UPDATED: Robby Gordon 2nd after Stage 1; defending champ Roma meets disaster (VIDEO)

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With two weeks of hard terrain ahead, the competitors of the 2015 Dakar Rally didn’t push too hard in Sunday’s opening stage from Buenos Aires to Villa Carlos Paz, Argentina.

But a good start is a good start, and America’s Robby Gordon had himself one. The former NASCAR and IndyCar standout, along with co-driver Johnny Campbell, took the No. 308 HST Gordini to an apparent third-place finish in Stage 1 behind Mini pilots Nasser Al-Attiyah and local hero Orlando Terranova.

But later on Sunday, race officials hit Al-Attiyah with a two-minute time penalty that relegated him to seventh. According to AFP, he was penalized for traveling at 68 km/h in a portion of the stage that had a limit of 50 km/h.

As a result, Terranova has been elevated to the top of the standings by 42 seconds over new second-place man Gordon.

“It’s exactly where we wanted to be,” said Gordon, who according to his team lost a minute on course because of him and Campbell having to secure a loose door on the Gordini.

“For us, the first stage was good, very conservative. We easily had a minute in our hands there but just didn’t push it. I think we’re going to be good.

“Johnny did a great job and we didn’t push anything. I feel good about where we’re at and where we’re headed and it’s going to be a good rally this year.

“We’ve worked very hard over the last year. Last year was an embarrassment and this year, we’re going to be on it from Day 1.”

Following Terranova and Gordon in the Top 5 are Toyota’s Giniel de Villiers in third (+ :50), Mini’s Krzysztof Holowczyc in fourth (+ :54), and Renault’s Emiliano Spataro (+ :56) in fifth.

Al-Attiyah, as a result of the penalty, is now down 1 minute, 38 seconds overall. This adds to a tough day for the Mini camp, which saw its reigning champion, Nani Roma, come to a stop early in the stage with a breakdown. Terranova himself said he saw Roma’s stricken Mini at the sixth kilometer.

Roma wound up losing more than six hours on course, and his hopes of a successful title defense already appear to have been obliterated.

Before he was penalized, Al-Attiyah called Roma’s drama “a big surprise.”

“We saw Nani stopped on the side of the road, but they [Roma and co-driver Michel Perin] were still inside their car,” the quick Qatari said. “It might have been an electric problem. A stroke of bad luck, that’s the way it is…It’s a big surprise, but it can happen.”

Peugeot’s triple threat of Carlos Sainz, Stephane Peterhansel, and Cyril Despres had a quiet opening to this year’s event. Sainz leads the Lions in eighth place (+1:44), while Peterhansel runs 10th (+2:13). Despres, a multi-time Dakar cycle champion that’s making his four-wheel debut, has dropped more than 10 minutes to the leader and runs 33rd.

“It was a bit stressful to tackle the first special when you don’t know how strong you are,” Peterhansel said. “You have to [avoid] early mistakes on fast courses that require good braking timing. We eased into the race without taking too many risks, gently, keeping a watchful eye on all the dials…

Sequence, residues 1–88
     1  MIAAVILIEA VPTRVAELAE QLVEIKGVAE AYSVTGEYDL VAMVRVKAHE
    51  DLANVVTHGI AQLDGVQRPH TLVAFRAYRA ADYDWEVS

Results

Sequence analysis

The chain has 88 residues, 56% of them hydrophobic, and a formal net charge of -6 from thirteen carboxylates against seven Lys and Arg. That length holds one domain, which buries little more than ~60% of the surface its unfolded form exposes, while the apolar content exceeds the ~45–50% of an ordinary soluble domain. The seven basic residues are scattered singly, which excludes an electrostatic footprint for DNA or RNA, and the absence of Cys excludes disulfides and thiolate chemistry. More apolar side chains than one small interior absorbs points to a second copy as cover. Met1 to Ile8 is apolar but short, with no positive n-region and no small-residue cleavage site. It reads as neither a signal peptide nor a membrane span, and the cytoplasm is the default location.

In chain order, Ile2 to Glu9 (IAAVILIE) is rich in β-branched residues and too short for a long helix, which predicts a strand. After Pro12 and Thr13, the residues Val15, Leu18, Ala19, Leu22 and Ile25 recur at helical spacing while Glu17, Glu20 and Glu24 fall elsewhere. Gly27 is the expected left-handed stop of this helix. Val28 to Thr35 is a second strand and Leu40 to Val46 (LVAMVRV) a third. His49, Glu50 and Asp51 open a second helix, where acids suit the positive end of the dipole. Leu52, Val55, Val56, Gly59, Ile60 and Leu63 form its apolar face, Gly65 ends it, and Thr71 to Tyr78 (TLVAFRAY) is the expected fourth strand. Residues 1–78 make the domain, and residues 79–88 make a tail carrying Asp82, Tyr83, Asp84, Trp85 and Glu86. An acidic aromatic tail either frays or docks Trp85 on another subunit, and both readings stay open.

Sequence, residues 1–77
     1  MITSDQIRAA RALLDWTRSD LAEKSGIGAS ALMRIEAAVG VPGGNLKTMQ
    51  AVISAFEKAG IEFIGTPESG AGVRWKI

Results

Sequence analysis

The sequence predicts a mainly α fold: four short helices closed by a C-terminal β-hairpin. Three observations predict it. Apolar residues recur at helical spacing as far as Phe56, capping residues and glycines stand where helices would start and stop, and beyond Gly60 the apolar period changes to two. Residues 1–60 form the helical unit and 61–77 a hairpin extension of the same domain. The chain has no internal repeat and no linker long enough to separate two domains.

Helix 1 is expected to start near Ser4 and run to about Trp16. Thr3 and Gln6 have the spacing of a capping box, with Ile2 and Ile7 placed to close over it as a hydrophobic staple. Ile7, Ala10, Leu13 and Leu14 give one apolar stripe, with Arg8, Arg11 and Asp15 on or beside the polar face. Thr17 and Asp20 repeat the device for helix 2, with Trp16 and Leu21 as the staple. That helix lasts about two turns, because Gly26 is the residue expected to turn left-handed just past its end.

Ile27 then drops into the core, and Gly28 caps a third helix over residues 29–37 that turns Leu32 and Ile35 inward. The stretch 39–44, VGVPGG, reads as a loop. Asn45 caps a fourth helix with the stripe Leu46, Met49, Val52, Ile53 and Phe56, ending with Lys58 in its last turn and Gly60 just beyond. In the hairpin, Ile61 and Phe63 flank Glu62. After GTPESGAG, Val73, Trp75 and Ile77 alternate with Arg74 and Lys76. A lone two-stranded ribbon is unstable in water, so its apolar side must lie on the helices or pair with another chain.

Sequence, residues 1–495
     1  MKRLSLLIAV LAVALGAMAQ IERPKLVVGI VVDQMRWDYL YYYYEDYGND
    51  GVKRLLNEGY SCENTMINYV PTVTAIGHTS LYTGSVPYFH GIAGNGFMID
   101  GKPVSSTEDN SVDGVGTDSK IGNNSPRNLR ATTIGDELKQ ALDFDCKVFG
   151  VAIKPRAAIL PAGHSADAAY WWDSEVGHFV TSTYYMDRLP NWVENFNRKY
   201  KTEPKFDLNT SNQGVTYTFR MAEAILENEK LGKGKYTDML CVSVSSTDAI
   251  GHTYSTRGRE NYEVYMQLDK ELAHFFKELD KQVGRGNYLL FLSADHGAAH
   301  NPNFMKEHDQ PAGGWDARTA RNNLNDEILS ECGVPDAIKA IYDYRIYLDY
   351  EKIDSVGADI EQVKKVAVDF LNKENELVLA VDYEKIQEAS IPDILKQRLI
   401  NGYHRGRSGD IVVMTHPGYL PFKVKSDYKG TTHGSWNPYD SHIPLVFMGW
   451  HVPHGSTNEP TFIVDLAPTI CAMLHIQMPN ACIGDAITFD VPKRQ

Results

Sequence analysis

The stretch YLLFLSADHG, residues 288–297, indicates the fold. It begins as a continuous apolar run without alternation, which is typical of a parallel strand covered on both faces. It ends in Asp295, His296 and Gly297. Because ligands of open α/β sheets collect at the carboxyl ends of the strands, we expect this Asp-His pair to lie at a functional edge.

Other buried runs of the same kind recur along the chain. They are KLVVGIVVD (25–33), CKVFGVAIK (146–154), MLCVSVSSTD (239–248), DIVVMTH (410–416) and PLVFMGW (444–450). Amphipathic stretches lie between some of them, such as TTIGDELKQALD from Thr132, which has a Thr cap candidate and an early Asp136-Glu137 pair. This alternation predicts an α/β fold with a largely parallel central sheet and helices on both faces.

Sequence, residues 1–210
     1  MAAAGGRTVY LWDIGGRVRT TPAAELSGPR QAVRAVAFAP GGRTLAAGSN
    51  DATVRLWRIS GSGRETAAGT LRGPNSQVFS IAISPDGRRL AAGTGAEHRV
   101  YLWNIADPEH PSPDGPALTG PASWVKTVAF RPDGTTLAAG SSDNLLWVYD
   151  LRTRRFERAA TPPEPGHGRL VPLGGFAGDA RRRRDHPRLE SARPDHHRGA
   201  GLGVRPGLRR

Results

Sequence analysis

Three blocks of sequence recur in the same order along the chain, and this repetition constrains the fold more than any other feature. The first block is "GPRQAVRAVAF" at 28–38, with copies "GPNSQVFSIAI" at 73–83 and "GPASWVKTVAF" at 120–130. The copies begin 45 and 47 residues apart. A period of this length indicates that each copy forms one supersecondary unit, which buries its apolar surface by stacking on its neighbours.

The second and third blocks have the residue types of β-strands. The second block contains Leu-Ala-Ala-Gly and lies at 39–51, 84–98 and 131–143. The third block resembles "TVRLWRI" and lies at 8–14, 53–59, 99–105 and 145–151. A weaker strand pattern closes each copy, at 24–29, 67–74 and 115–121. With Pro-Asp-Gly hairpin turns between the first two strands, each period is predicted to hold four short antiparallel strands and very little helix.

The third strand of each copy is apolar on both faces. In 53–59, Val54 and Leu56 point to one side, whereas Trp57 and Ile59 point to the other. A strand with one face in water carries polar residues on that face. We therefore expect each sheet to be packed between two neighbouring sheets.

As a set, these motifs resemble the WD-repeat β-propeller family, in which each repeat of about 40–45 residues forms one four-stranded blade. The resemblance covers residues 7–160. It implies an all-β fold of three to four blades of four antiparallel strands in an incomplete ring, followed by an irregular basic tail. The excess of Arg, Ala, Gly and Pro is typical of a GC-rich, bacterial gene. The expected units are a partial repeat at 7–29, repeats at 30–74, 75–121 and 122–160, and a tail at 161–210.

“We’re trying to learn about the car. We had no clue how far we could go. I wasn’t really at ease when taking risks and driving, I can still do better. I didn’t really go on the attack. We didn’t drive as much as we would’ve liked, let alone on courses as fast as this one.”

Coverage of the 2015 Dakar Rally starts Monday afternoon on NBCSN. Get your full Dakar TV schedule here.

Keating stripped of Le Mans GTE-Am win; No. 68 Ganassi entry also disqualified

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FIA stewards announced Monday that two Ford GT entries have been disqualified from this year’s 24 Hours of Le Mans, including the GTE-Am class-winning No. 85 entry from privateer Keating Motorsports.

Also DQ’d was the factory No. 68 Chip Ganassi Racing entry of Joey Hand, Dirk Mueller and Sebastien Bourdais, which initially finished fourth in the GTE-Pro class.

Both entries were found in violation of fuel capacity regulations, with the No. 85 entry also failing to meet the minimum refueling time during pit stops.

The refueling system on the No. 85 entry, driven by Ben Keating, Jeroen Bleekemolen and Felipe Fraga, measured a time of 44.4 seconds during a stop, just shy of the minimum required time of 45 seconds.

As a result, the team was initially issued a 55.2-second post-race penalty by officials, which elevated the No. 56 Team Project 1 Porsche 911 RSR of Joerg Bergmeister, Patrick Lindsey, and Egidio Perfetti to the class win.

The time penalty was calculated by the difference in the refueling time (0.6 seconds) multiplied by the amount of pit stops made by the team (23), then multiplied by four.

The No. 85 entry was set to finish second in class, but then received an outright DQ after its fuel capacity was also revealed to be 0.1 liters above the maximum permitted capacity of 96 liters.

As for Ganassi’s No. 68 entry, it was found to have a fuel capacity of 97.83 liters, which is above the maximum allowed capacity of 97 liters for the GTE-Pro Fords.

The No. 67 Ford of Andy Priaulx, Harry Tincknell, and Jonathan Bomarito subsequently moves up to fourth, and the No. 69 Ford of Scott Dixon, Ryan Briscoe and Richard Westbrook moves up to fifth.

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